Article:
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They cussed, they threatened, and — in a few cases — they actually said what they meant (oops!). It was quite a year for quotable San Diegans. Here’s a look back at the most memorable things they said in 2018:

And Now a (Surprising) Word From Our Fearless Leaders

“You better shut up before I bitch slap you,” — Then-Sen. Joel Anderson to a female lobbyist in a Sacramento bar. Anderson was reprimanded by the Senate Rules committee after the incident.

“What a shit show.” — Tom Lemmon, the leader of the Building Trades Council, had an elegant and accurate reaction to the saga surrounding the effort to put a Convention Center expansion measure on the ballot.

“I’m tired of hearing the tweets and the idiocy that’s coming out of certain quarters, from government officials that ought to know better” — County Supervisor Ron Roberts, who lashed out at an advocate who suggested the county could do more to help the homeless crisis.

“Awful lot of people voted Democrat without knowing or caring who was attached to it.” — Perennial candidate Mike Schaefer on how he won a seat on the Board of Equalization.

A Children’s Treasury of Marijuana Moments

“Everyone I talked to was either high or wanted to get high.” — Imperial Beach Mayor Serge Dedina, recalling his 2014 door-to-door campaigning.

Indeed, opponents of marijuana really brought their A-game to the June 6 Imperial Beach City Council meeting:

“We have people coming into our emergency department, into our clinic, because they’re smoking too much marijuana — vomiting, vomiting, vomiting. They can’t control that.” — Dr. Matt Dickson of the South Bay Urgent Care clinic

“What is going to happen to our kids when their dreams are stolen?” — Baron Partlow, San Diego resident and activist

“So don’t be blinded by the bling-bling. There’s not a lot of money that will be generated here. … People will dazzle you with brilliance and baffle you with bull poop.” — Dante Pamintuan, Realtor

Diane Harkey Earned Her Own Section

The Republican congressional candidate and former Board of Equalization member deserves her own section.

In March, she told talk radio show host Carl DeMaio that the nation’s leaders — tasked with setting health care policies, funding the government and declaring war — should create a curfew and buddy system at night, according to the U-T.

“I never went out anywhere after 8,” she said. “Nothing good happens after 8 in Sacramento or in D.C., I guarantee you that.”

Then in October, KPBS’s Andrew Bowen attended a rally in support of repealing the state’s gas tax increase and captured Harkey turning up her nose at bicycling and buses. She seemed outraged at even the idea of dirtying herself among the masses.

“This is just fraud. It’s forcing you to take bikes, get on trains, hose off at the depot and try to get to work,” she said. “That does not work. That does not work with my hair and heels. I cannot do that and I will not do that.”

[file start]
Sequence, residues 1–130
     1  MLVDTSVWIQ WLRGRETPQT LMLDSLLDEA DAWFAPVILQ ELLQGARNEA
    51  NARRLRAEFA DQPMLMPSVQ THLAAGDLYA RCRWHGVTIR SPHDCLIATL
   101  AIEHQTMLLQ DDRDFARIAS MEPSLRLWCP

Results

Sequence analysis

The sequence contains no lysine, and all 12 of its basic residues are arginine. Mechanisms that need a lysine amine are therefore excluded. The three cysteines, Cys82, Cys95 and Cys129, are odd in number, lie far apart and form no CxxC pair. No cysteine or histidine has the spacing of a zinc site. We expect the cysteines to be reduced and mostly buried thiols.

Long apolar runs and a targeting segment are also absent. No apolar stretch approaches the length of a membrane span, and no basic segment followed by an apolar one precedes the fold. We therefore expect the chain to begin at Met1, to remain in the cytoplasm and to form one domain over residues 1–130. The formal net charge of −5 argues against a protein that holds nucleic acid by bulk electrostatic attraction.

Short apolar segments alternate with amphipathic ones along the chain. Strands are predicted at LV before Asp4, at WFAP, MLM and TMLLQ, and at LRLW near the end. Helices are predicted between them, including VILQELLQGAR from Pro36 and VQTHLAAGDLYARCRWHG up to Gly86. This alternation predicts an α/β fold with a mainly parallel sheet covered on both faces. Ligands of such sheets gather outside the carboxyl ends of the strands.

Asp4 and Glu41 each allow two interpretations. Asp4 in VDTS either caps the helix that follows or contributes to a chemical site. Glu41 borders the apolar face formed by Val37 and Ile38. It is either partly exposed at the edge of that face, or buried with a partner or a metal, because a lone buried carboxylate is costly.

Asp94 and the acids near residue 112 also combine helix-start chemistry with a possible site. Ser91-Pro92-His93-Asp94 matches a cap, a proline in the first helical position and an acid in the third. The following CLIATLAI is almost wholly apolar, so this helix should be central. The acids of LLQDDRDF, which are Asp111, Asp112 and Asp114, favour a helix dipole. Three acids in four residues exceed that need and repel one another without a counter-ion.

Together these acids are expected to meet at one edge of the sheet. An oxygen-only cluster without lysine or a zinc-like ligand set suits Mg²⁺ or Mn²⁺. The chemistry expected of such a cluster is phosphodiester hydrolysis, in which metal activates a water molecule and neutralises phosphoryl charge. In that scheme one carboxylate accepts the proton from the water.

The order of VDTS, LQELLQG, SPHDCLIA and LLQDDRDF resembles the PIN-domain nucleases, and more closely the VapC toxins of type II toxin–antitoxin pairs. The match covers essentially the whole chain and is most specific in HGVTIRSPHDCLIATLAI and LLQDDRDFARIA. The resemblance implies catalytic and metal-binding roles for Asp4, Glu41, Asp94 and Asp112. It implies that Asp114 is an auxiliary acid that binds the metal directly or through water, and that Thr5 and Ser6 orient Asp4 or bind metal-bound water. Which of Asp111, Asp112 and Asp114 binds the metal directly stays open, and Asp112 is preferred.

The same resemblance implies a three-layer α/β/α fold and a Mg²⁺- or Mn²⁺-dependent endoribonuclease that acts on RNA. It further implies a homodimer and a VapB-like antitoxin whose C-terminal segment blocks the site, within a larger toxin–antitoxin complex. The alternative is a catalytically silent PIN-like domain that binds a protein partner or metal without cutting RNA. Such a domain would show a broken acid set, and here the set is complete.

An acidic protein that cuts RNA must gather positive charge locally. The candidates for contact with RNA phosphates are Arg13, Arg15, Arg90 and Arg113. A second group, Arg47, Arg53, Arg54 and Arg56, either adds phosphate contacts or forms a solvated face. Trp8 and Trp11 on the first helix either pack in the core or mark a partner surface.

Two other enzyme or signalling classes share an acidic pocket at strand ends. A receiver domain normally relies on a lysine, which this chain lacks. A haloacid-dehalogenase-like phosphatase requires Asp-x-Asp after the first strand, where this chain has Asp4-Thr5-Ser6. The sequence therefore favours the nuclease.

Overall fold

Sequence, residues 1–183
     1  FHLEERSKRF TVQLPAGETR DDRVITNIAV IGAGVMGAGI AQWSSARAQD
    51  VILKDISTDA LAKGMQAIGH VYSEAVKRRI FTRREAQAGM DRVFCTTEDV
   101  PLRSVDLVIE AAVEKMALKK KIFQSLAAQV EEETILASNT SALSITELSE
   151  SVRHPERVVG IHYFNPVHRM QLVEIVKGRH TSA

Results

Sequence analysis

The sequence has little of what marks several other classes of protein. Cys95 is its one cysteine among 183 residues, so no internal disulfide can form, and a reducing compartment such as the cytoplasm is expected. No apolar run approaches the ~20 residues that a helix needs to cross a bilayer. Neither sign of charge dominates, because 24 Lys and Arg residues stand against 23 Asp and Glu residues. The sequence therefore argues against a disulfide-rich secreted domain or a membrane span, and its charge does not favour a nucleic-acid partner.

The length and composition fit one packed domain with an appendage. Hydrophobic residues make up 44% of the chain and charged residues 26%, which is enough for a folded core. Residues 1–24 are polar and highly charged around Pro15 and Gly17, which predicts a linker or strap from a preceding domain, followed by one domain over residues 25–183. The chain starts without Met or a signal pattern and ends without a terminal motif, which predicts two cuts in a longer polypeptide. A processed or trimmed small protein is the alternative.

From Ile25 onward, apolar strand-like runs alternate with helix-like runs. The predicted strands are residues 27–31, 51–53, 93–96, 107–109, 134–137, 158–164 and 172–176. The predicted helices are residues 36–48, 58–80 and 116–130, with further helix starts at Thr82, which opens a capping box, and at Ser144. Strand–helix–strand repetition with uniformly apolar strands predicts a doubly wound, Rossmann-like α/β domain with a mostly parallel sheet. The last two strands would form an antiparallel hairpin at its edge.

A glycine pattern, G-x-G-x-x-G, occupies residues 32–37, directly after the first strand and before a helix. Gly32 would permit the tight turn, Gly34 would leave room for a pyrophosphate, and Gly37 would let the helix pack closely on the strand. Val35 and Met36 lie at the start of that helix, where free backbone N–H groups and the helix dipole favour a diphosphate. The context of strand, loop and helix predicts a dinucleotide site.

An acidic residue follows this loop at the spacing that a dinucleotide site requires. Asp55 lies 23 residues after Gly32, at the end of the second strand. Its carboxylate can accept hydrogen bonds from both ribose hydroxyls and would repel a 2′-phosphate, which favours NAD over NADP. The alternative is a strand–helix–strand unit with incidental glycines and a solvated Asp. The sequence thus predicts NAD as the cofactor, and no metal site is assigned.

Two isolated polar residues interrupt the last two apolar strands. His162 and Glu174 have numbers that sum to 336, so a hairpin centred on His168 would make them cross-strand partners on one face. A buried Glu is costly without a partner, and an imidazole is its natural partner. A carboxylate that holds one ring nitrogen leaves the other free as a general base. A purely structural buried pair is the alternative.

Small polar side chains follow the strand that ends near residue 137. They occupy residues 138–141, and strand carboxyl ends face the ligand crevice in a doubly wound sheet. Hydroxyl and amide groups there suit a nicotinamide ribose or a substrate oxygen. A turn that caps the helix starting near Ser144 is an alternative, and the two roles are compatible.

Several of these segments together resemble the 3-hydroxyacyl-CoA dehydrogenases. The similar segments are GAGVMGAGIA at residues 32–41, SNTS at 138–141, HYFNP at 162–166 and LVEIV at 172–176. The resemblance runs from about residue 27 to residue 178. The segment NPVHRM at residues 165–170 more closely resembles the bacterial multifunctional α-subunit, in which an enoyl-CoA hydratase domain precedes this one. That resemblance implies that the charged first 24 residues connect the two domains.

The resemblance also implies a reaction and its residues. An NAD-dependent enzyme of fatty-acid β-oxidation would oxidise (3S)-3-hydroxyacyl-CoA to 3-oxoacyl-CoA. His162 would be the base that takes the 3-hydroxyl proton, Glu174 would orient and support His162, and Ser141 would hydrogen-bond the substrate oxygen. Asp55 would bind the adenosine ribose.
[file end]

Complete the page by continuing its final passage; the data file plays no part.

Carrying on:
Awkward Moments, Courtesy of the U-T Editorial Board

This fall, the opinion side of the Union-Tribune newsroom published the transcripts of their endorsement interviews with officials from around the county, and they produced some remarkable moments. Two of them stand out:

First is the painfully awkward interview with then-San Diego City Council President Myrtle Cole in which she talked her way around nearly every contentious issue. At one point, the editorial board pressed her on whether she’d support rent control and an aide interrupted her to say, “You don’t have a position yet.”

Cole’s response: “Yeah, that’s my position.”

About two weeks later, San Diego Unified School Board trustee Mike McQuary couldn’t remember the name of his opponent.

MCQUARY: Who’s in the… who’s in the runoff with me?

U-T: I’m sorry?

MCQUARY: No, I’m sorry. Yeah. No, Michelle. That’s right.

U-T: Yeah. Marcia Nordstrom, right?

MCQUARY: Right, right.

The Best of the Rest, Hamantaschen Edition

Just eat your hamantaschen & pipe down” — local political activist Ashley Harrington via Twitter, after I poked fun at the strange murals at the landmark Jewish deli restaurant known as D.Z. Akins.

“Residents have been labeled with the acronym NIMBY (not in my back yard). That is just not the case. We are residents against development whether it’s Low income/affordable housing or another multimillion dollar condo development.” — This website opposing a development in Point Loma is for once refreshingly honest and straight up admits the goal is to never build anything, ever.

“I can’t just simply hand Boltman over to another fan – it’s not that easy. The issue is complicated by the liabilities, expenses and responsibilities of just anyone stepping into the role … [like someone] doing something inappropriate and ruining Boltman’s great legacy … a risk I’m not willing to take.” — Chargers mascot Dan “Boltman” Jauregui, on his future following the team’s move to Los Angeles.

Randy Dotinga is a freelance contributor to Voice of San Diego. Please contact him directly at and follow him on Twitter:

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